Web 2.0: How to Get What You Don’t Pay For
Don’t put your Web biz permanently in the red with pricey “solutions.”
Let me take you on a journey back in time… It’s the late 1990s. I’m sporting my best mullet and stone-washed jeans and working at a b-to-b technology magazine, which has just launched a “Web site” on this thing called an “Internet.” The publication is run by forward-thinking suits, who decide in their ultimate wisdom to add bulletin boards to their shiny new online property, where folks can exchange pleasantries “in cyberspace.” So they commission a company to build and add the bulletin boards to the site at huge expense.
Almost no one uses the message boards, but more importantly, one of the more geeky employees points out shortly thereafter that a better bulletin board is available as Linux software, at a cost of no dollars (and two years after that, the magazine is shut down… coincidence?).
Of course, no-one in b-to-b publishing could make such a dumbass mistake today, right? Wrong. Every day in every part of our industry b-to-b publishers throw good money away signing long-term contracts that lock them into overpaying for technology that is available to the canny shopper either free, or for pennies on the dollar. Worse still, many of these contracts lock them into proprietary services, which make it difficult and hugely expensive to switch providers.
Deals A’ Plenty
But don’t take my word for it; let’s look at some real-world examples. A former colleague of mine, R. Scott Raynovich, is currently starting a Web business, raynoreport.com, comprising ad-supported blogs and paid research. The site will feature message boards, e-commerce, and a bunch of other Web 2.0 mumbo jumbo. The cost to launch this business? $600 for two years of hosting on godaddy.com, plus $2,000 in programming development work. This is a good deal—working out to just $3.56 a day. (How does that compare to the cost of running your Web 2.0 enabled e-commerce friendly site, hmmmm?)
I recently negotiated a deal with a paid search company for a large publisher. After the usual va-et-vient we agreed on a price of 5 cents per click-through with the provider. It subsequently transpired that a different part of the same publisher was paying 80 cents per click-through for the same service. Oops!
There are three reasons why there are deals a’plenty to be had at the moment. First, the recession. Second, VCs with deep pockets and shallow IQs are funding many of the Web startups and are prepared to paper over losses in the hope that their investment will be the last man standing. Third, Google has more money than sense. Recent analysis by Internet Evolution, a Web site I founded, indicates Google is losing about $1.6 million a day on YouTube. And at Internet Evolution we’re taking advantage of Google’s largesse by using YouTube to enable video messaging on our site—for free. There’s no reason why other b-to-b publishers shouldn’t do the same.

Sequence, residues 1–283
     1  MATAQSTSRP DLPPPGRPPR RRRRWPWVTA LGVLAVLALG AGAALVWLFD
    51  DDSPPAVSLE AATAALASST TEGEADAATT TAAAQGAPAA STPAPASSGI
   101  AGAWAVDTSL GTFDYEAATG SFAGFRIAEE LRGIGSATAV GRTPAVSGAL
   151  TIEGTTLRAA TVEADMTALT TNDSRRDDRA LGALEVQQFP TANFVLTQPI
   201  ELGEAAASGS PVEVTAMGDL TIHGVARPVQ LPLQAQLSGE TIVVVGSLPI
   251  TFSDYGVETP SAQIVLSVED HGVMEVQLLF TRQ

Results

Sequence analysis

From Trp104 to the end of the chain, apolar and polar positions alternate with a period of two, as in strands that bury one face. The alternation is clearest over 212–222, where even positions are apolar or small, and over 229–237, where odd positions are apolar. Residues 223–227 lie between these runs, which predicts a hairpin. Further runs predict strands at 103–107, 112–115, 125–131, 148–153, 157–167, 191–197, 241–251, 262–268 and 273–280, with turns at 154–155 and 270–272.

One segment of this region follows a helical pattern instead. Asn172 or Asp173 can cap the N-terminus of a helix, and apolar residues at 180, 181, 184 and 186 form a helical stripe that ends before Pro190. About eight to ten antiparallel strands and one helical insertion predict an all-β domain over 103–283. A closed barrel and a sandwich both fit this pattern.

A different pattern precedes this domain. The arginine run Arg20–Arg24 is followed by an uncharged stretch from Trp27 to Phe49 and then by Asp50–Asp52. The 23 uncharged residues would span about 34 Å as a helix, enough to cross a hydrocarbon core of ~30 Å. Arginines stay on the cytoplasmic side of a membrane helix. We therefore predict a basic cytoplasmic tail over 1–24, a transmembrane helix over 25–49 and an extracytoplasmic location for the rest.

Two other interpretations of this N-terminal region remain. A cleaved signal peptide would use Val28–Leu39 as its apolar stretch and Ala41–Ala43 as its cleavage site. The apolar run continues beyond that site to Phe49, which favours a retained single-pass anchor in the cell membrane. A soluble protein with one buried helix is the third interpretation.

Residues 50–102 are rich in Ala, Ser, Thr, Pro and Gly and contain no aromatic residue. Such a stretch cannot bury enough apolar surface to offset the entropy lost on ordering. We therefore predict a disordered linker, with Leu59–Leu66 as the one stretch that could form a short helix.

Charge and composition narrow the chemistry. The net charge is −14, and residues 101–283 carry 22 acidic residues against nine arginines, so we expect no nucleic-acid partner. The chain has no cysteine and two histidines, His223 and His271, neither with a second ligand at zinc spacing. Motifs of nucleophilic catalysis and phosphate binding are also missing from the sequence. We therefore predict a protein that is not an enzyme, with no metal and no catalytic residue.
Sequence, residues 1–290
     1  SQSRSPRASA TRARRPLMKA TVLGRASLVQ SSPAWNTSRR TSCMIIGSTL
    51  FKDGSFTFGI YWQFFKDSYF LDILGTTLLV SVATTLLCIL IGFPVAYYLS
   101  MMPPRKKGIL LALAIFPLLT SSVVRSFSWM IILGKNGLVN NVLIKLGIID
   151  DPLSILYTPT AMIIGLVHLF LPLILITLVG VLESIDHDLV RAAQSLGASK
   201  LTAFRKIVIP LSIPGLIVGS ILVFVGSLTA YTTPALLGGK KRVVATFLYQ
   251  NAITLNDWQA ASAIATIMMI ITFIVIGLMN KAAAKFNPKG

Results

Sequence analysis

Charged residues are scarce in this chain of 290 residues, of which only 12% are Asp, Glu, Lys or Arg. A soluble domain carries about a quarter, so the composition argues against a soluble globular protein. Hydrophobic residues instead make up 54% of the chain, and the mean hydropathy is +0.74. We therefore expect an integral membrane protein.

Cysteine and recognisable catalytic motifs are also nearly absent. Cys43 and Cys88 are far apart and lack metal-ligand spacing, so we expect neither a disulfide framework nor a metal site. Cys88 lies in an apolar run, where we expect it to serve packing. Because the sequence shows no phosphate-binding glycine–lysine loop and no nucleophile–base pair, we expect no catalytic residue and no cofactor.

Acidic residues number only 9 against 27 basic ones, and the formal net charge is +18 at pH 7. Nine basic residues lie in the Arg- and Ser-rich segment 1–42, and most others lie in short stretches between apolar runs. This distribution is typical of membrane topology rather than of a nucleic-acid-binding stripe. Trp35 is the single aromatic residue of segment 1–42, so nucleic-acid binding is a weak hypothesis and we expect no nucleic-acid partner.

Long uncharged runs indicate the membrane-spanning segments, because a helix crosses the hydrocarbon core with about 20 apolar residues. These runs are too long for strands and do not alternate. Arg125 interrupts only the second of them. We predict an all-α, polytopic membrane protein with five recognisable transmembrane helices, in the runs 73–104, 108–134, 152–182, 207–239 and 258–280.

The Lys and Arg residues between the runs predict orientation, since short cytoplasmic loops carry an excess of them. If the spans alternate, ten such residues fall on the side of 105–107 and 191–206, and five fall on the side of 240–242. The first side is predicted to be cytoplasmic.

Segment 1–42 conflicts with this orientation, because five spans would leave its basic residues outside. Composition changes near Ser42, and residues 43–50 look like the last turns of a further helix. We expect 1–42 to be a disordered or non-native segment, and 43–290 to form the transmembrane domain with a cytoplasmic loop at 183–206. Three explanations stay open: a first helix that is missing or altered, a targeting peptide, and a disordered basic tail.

How To Keep From Getting Burned
Traditionally the argument for going with a more expensive service is that you get what you pay for. This is often not true. Take customer service—in my experience I’ve found that it tends to dissolve faster than an Alka-Seltzer once you ink a contract with any Web service provider.
Talking of contracts, here’s another word of advice: NEVER sign a contract of more than one year with any provider of any Internet service. Things like Web hosting, e-commerce, and content management are infrastructure, and the rule of thumb is that all Internet infrastructure is getting cheaper over time. Locking in a price today makes no sense.
Before signing with any service provider find out how easy it will be to extricate yourself should things go pear-shaped. Hosting companies and content management companies add a bunch of proprietary “stuff” on the backend, which makes it incredibly difficult and time consuming to extract your data should you have a falling out with them. This explains why the average cost of switching content management systems is $250,000, or enough to keep raynoreport.com going for 187 years.
For b-to-b publishers the game today isn’t “The Price is Right,” or even “Let’s Make a Deal.” In a world where Google has virtually limitless money and VCs have an inexhaustible supply of stupid, publishers with money to spend on Web services hold all of the power. Half price? How about “no price”—at least for the first six months. Baker’s dozen? Make that a two-for-one and you’ll think about it.
Steve Saunders is an independent media consultant and the founder
of Internet Evolution.